I’ve had a few conversations with various KLM staff since and it was explained that this is the commemoration of the people of the Netherlands (and one person specifically said also all the Jewish people ) who died in WW2. Tomorrow there will be celebrations of the liberation but tonight is for remembering. All I spoke to – quite an age range – said it was important and moving, and actually even as an outsider, it was rather moving.

And as part of my last conversation when checking in at gate for Bristol flight, one of the group of 3 women asked if I was from UK and made the point that they were liberated by the British and the Canadians and they were very grateful!

All very fascinating!

Disciplines and Dialogues: the present and future of Yoga Studies

By Theo Wildcroft

It’s a busy time for yoga scholars and writers at the moment. Next week sees the UK launch of independent scholar Matthew Remski’s new book: Practice and all is coming: abuse, cult dynamics, and healing in yoga and beyond, and last week saw the combination of two significant academic events: the SOAS Yoga Studies Week , and a two-day reading workshop for a future Routledge Handbook of Yoga and Meditation Studies, co-sponsored by SOAS and the Open University.

Sadly, it was a busy working week for me, so I missed much of the Yoga Studies Week, but it kicked off strongly with the Open University’s own Suzanne Newcombe and Karen O’Brien-Kop (SOAS), giving a lecture on new and interesting trends in yoga research. Apparently, my own research was highlighted, so I’m even sadder to have missed it! Other lectures I’d liked to have seen included Finnian Gerety (Brown University, USA), talking about sound and silence in yoga and meditation, Andrea Jain (Indiana University, USA) talking about yoga and neoliberalism, and Gudrun Bühnemann (University of Wisconsin-Madison, USA), whose work on yoga-related visual media is always fascinating.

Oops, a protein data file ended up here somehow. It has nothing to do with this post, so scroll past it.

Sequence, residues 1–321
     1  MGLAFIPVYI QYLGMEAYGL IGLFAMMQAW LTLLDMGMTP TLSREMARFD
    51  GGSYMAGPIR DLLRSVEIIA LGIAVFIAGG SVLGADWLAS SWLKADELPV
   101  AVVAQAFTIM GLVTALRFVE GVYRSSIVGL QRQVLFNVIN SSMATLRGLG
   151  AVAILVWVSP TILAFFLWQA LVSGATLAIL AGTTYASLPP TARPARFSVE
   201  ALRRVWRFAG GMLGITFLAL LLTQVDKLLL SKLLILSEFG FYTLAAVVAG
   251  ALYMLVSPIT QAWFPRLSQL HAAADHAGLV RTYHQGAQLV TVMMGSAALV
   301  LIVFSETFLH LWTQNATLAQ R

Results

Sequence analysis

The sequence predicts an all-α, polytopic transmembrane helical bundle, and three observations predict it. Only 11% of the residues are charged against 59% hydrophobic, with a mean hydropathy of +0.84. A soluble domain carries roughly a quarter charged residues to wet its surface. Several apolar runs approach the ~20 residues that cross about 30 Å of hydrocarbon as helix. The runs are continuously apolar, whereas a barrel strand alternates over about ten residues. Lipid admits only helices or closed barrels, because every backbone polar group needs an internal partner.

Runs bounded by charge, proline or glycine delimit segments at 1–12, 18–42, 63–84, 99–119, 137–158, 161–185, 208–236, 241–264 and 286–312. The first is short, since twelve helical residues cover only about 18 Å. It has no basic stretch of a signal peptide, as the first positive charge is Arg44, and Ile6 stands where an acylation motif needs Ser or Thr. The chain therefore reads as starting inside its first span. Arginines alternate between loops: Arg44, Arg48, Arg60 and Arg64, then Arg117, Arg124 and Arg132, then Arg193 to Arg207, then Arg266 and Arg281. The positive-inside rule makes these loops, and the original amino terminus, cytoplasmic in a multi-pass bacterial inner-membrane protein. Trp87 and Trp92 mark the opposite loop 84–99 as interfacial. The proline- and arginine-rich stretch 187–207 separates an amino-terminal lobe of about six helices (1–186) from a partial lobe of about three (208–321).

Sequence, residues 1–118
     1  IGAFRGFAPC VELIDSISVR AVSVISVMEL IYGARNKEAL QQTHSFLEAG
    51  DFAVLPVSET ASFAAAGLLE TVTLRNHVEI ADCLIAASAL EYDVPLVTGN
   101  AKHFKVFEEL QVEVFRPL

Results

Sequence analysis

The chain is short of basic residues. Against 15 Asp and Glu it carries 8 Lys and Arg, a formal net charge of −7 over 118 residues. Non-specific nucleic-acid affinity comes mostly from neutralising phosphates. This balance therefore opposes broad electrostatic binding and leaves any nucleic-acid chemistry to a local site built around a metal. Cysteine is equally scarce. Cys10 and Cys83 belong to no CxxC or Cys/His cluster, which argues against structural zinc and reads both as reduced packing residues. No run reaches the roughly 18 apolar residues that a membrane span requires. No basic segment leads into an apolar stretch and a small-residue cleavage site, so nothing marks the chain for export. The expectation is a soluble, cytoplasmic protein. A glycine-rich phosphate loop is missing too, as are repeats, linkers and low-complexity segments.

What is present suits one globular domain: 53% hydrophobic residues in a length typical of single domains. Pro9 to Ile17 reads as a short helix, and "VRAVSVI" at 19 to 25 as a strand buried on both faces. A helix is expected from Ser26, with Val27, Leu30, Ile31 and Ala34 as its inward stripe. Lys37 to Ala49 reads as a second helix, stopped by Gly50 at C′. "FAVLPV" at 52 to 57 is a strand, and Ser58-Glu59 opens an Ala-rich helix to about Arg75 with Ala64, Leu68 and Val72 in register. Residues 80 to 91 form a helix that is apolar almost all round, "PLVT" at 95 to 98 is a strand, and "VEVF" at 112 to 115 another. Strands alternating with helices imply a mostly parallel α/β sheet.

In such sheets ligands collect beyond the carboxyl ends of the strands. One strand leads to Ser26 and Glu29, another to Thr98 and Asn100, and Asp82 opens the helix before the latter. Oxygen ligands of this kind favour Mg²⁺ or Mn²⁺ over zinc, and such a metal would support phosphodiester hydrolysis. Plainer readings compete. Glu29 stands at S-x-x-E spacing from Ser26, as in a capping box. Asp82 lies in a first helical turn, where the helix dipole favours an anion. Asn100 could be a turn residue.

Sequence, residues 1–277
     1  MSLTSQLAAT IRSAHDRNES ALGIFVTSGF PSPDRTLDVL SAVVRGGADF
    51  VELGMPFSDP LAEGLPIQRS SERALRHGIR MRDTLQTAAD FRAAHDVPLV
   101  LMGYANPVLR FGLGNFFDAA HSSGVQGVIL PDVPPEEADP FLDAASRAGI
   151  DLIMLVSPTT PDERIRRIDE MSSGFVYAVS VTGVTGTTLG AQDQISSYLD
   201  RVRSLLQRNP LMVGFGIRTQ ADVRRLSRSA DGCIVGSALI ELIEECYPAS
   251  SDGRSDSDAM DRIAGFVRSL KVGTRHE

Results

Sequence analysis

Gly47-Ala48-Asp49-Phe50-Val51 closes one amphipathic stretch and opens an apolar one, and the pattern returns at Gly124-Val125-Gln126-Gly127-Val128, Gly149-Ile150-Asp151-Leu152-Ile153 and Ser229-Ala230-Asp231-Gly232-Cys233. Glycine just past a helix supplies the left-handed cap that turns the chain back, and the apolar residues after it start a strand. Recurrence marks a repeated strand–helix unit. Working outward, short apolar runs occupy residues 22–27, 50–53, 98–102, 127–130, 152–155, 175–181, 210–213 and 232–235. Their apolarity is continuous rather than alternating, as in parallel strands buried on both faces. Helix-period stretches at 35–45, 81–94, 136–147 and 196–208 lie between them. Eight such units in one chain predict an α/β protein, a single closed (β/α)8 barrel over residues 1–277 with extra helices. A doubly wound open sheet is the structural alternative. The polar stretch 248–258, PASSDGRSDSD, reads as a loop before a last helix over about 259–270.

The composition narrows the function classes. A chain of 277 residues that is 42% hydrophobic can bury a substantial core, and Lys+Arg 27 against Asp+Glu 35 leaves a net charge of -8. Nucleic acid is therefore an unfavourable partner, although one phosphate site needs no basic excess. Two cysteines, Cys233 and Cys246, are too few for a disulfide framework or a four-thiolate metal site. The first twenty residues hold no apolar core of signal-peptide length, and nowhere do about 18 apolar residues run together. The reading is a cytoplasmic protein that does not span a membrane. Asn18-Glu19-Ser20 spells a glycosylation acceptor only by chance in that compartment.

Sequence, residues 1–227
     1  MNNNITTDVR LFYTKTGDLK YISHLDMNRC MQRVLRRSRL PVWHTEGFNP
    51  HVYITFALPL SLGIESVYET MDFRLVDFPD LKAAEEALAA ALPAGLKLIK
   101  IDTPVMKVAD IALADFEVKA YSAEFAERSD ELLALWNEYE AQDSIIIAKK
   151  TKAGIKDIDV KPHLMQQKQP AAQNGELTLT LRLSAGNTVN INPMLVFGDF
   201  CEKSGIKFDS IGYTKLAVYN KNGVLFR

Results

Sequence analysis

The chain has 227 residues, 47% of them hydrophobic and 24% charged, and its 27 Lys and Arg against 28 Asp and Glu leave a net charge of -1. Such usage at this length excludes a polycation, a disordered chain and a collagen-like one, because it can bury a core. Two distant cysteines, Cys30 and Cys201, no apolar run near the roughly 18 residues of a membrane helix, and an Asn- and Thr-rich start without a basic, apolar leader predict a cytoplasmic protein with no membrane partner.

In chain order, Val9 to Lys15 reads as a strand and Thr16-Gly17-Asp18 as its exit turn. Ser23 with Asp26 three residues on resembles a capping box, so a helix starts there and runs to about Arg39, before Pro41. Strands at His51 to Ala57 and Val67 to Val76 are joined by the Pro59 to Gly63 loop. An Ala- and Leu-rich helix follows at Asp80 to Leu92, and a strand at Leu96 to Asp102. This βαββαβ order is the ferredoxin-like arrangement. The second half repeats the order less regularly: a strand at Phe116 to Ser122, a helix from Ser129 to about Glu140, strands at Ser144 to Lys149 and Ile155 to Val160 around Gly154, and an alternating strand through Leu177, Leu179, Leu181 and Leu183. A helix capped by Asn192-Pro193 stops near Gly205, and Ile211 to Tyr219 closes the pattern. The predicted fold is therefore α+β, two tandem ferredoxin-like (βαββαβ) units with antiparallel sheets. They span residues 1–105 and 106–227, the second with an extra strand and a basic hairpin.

Yoga Studies is a small but growing field, and highly interdisciplinary in nature, including Sanskritists and other philologists, Indologists, health scientists and the full range of arts, humanities, and social sciences found at your average Religious Studies conference! This means that Yoga Studies events are intellectually stimulating, but also a rare chance to hang out with friends one doesn’t see very often. The workshop was entitled Disciplines and Dialogue: The Future of Yoga and  Meditation Studies. The aim of the Handbook’s editors, Suzanne Newcombe and Karen O-Brien-Kop again, was to take each draft chapter and discuss it in turn in live peer review. I haven’t worked on a proposed text like this before, and it was a thoughtful and thought-provoking experience. Each chapter had a reader, separate from any blind peer reviewer already assigned. The reader summarised the chapter so far, with suggestions and comments, the writer responded, and then the group as a whole discussed how the chapter might evolve, and how it might sit within the greater volume. As the workshop title suggested, it was also a chance to have wider discussions about the field and future possibilities.